Unwanted or faulty Christmas gifts – What are your consumer rights?

Today – Unwanted or faulty Christmas gifts -What are your consumer rights?

By Amanda Hamilton, CEO of NALP

So, Christmas is over, and you have received some lovely gifts. But what if, among the plethora of presents, there is something you don’t like, or something which turns out to be faulty? Can you return the items and get a refund?

The truth is that without a receipt there’s probably not a lot you can do, although a local charity may well appreciate it! If you are not to embarrassed to ask for a receipt, or your loved one has offered you the opportunity to change the item if you don’t like it then that is a whole different ball game.

With so many of us shopping online now it is not just a question of taking something back to the shop with a receipt. What are your consumer rights in relation to items that have been shop-bought or bought online whether by you, or by someone else buying you a gift?

A new statute, known as the Consumer Rights Act 2015, became law on 1st October 2015. This statute was specifically introduced to simplify, strengthen and modernise the law, giving you clearer shopping rights. It replaces three previous statutes and includes rights in relation to items bought online and digital downloads.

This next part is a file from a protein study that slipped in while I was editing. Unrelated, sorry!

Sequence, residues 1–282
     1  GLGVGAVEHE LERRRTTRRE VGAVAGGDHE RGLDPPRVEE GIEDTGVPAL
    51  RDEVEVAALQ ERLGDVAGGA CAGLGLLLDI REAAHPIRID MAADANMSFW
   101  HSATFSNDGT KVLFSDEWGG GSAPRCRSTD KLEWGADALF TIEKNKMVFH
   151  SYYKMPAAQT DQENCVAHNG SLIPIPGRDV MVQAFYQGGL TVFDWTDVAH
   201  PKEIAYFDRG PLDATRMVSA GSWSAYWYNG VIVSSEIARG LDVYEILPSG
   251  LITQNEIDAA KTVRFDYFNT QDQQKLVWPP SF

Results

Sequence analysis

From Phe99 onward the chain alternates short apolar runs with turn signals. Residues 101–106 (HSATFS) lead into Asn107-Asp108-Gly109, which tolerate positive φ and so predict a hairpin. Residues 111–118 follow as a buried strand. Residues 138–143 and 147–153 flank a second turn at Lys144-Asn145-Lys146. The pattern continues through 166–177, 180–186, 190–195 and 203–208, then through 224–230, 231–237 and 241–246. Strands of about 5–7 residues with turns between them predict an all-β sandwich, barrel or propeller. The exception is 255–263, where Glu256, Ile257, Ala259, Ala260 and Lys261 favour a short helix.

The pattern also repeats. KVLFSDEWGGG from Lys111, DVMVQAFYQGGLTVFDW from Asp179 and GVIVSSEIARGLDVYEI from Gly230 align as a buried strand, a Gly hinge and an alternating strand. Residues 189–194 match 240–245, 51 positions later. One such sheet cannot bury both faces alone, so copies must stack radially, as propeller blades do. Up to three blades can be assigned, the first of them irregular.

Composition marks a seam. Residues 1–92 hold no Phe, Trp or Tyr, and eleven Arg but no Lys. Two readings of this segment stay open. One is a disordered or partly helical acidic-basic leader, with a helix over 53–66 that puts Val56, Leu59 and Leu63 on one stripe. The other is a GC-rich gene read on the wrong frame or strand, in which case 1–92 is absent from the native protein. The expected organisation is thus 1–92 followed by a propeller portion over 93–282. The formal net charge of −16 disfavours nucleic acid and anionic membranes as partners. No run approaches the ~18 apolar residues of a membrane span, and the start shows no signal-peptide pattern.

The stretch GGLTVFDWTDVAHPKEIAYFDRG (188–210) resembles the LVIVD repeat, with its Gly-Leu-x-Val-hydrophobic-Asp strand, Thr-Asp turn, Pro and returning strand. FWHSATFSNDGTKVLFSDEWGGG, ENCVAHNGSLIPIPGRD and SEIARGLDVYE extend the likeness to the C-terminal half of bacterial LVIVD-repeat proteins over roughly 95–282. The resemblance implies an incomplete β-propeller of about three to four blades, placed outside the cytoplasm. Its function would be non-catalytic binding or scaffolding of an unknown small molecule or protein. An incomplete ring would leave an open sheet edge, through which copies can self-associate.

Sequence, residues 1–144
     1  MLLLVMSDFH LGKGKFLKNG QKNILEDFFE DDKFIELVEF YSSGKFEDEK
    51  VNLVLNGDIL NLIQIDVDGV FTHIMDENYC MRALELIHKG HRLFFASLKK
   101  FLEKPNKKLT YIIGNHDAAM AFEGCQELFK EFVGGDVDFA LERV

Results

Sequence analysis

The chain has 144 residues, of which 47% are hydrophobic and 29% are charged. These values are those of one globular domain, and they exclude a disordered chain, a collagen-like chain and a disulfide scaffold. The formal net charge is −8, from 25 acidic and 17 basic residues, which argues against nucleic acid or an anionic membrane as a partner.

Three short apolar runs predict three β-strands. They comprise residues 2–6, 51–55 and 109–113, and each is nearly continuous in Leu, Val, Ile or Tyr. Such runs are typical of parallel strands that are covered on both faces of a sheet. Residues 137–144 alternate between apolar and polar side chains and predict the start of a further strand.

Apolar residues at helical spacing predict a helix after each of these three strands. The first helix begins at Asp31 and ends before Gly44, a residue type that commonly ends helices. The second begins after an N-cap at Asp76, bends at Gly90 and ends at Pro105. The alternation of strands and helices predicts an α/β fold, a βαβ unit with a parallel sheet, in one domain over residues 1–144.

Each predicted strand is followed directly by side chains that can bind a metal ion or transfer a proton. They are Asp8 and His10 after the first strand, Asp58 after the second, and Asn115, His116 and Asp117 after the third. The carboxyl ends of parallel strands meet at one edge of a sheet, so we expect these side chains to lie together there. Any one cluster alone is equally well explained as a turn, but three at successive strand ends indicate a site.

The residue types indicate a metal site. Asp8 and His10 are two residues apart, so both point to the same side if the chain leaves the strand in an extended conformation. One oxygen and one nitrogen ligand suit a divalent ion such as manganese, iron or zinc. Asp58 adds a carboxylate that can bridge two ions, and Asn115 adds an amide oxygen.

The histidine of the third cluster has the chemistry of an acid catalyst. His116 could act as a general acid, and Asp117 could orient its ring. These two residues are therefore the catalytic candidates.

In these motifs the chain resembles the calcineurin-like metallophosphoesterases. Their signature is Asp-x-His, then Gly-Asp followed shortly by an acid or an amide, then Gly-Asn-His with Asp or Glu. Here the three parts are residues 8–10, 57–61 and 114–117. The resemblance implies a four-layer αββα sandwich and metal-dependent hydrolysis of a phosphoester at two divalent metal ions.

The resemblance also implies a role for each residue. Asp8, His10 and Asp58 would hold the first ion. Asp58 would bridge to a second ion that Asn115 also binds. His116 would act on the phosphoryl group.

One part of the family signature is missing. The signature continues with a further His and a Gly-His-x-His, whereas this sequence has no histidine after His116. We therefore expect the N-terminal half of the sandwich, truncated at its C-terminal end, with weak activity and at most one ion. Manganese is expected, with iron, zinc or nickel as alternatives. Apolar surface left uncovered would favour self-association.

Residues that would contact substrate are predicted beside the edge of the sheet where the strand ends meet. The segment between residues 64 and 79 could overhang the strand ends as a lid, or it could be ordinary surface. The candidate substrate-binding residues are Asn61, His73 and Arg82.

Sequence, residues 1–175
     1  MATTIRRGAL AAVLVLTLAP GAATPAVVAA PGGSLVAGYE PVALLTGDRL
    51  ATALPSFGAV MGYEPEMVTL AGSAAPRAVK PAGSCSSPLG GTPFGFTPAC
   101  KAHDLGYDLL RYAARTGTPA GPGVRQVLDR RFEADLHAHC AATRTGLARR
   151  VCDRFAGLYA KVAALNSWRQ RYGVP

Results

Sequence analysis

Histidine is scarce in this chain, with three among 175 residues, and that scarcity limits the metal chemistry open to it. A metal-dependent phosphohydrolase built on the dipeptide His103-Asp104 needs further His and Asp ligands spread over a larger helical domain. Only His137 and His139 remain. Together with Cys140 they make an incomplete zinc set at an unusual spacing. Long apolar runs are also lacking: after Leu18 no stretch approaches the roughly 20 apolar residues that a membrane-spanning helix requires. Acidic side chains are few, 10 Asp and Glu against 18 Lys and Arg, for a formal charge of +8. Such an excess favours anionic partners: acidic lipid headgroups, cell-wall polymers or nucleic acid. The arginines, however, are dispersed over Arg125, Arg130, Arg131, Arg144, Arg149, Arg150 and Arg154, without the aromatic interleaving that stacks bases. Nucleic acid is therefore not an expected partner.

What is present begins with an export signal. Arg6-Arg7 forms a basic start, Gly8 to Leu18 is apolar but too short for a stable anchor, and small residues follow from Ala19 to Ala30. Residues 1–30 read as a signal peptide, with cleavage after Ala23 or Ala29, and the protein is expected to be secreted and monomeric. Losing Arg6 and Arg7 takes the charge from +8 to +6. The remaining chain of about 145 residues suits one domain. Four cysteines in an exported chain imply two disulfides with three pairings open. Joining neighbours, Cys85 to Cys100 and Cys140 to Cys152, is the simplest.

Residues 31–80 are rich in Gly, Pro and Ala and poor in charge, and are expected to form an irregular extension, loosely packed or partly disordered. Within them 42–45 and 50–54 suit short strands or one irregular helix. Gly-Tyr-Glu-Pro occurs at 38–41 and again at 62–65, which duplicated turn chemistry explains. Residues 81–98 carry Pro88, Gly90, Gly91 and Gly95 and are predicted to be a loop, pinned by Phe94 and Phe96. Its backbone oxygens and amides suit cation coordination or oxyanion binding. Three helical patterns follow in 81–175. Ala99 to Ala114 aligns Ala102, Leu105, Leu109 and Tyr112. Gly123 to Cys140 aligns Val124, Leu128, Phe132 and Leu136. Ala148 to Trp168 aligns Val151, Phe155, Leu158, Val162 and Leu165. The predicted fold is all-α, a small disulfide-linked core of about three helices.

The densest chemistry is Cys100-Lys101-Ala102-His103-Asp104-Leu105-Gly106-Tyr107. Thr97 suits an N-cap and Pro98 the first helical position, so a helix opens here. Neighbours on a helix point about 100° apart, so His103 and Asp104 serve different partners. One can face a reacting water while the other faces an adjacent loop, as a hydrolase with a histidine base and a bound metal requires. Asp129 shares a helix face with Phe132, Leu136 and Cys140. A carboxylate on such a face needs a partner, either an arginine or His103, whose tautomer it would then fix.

Unwanted or faulty Christmas gifts - What are your consumer rights?

 

Unwanted or faulty Christmas gifts – What are your consumer rights?

The Product Quality 

As per previous legislation, under the Consumer Rights Act all products must be as described, of satisfactory quality and fit for purpose.  The rules also include digital content in this definition. So, all products – whether physical or digital – must meet the following standards:

  • As described.  The goods supplied must match any description given to you, or any models or samples shown to you at the time of purchase.
  • Satisfactory quality.  Goods shouldn’t be faulty or damaged when you receive them. You should ask what a reasonable person would consider satisfactory for the goods in question. For example, bargain-bucket products won’t be held to as high standards as luxury goods.
  • Fit for purpose.  The goods should be fit for the purpose they are supplied for, as well as any specific purpose you made known to the retailer before you agreed to buy the goods.

If what you’ve bought doesn’t satisfy any one of the three criteria outlined above, you have a claim under the Consumer Rights Act against the retailer (seller) as opposed to the manufacturer. So, any fobbing off such as ‘we have to send the item back to the manufacturer’ can be ignored.

However, what you can claim, depends on how much time has passed since you physically took ownership of the goods. You also need proof of purchase such as the receipt.

 

Thirty day right to reject

Under the Consumer Rights Act you have an absolute legal right to reject goods that are of unsatisfactory quality, unfit for purpose or not as described, and get a full refund – as long as you do this quickly within 30 days of taking ownership. You take ownership of the goods when you pay for them in a store and take them away, or when the goods are delivered to you if you’ve paid online.

 

Outside of the thirty days

If you are outside the 30-day right to reject, you have to give the retailer one opportunity to repair or replace any goods or digital content which are of unsatisfactory quality, unfit for purpose or not as described.